Tuesday, September 28, 2010
The Braddock Carnegie Library
c. David Grim (taken 9/25/10)
Let me just say this so as you have it completely and utterly clear in your mind... the Braddock Carnegie Library is an exceptional piece of still existing history. Perhaps you saw the Rick Sebak documentary that featured a story about the place? I can't imagine that you would have and NOT taken the opportunity to see it in person. I went last Saturday and brought my camera with me. The Warhol Museum decided to throw some of its significant resources behind publicizing the library, and the result was "fun and food" (which I'll describe in a moment, so be patient).
I don't know the backroom machinations that led to this happening, but I'm glad to see a venerable arts institution truly invest itself with concern for a local treasure. It's remarkable whenever anybody here actually gives a crap about the unique stuff that is sitting in relative neglect here in the 'Burgh. Of course the Braddock community has worked hard to keep the building a functional lending library, and they need to be commended for fighting for its continued existence. But it really needs substantial funding to reach its full restorative potential. Now hopefully the Carnegie will take an interest in the Maxo Vanka murals before they degrade beyond repair, and I'll be able to give them props here for that.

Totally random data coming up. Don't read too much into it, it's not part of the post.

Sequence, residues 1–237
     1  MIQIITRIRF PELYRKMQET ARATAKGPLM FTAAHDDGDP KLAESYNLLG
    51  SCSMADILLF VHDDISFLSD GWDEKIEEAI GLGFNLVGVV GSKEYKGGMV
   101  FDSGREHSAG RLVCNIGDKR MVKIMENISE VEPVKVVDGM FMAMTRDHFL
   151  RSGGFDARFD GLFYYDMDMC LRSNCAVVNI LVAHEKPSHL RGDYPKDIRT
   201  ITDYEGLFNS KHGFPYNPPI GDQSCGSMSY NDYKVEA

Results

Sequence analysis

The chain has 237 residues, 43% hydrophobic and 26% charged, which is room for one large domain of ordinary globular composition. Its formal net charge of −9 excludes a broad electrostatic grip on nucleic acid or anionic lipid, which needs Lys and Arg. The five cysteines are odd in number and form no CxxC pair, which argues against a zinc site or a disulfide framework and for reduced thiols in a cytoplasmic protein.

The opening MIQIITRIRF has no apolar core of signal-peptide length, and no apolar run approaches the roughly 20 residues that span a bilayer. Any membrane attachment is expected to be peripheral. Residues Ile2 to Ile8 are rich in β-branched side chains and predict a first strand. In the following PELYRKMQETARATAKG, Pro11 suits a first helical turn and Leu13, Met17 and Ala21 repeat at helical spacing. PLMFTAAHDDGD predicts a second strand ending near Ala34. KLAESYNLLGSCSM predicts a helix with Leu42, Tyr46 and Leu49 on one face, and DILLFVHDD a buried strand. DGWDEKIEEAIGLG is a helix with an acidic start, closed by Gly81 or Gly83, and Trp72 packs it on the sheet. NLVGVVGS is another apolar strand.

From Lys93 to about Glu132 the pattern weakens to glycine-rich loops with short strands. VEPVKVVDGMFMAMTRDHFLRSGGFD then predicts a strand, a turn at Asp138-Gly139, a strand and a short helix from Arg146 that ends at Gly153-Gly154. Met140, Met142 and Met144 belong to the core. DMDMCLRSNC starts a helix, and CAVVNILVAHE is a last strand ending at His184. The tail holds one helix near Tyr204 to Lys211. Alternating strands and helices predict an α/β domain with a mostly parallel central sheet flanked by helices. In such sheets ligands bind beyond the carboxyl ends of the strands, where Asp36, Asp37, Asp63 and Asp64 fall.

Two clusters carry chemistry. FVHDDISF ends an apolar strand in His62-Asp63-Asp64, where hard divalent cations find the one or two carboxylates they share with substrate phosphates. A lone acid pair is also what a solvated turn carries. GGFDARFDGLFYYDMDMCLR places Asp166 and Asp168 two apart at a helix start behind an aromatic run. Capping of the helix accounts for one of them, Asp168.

Anyway, there were projects located on different levels of the maze-like buildings that encouraged exploring. GF and I checked out the pool that will likely never be swam in again, but must have provided amusement for thousands of kids. In fact there were a couple of older guys staring wistfully at the cavernous room and talking about how they themselves used the pool decades ago. There is talk about transforming it into a sunken stage area, but it doesn't seem like a sure thing.
Fortunately the amazing concert auditorium (which is indeed the oldest "Carnegie Hall" around) still exists mostly in its original condition.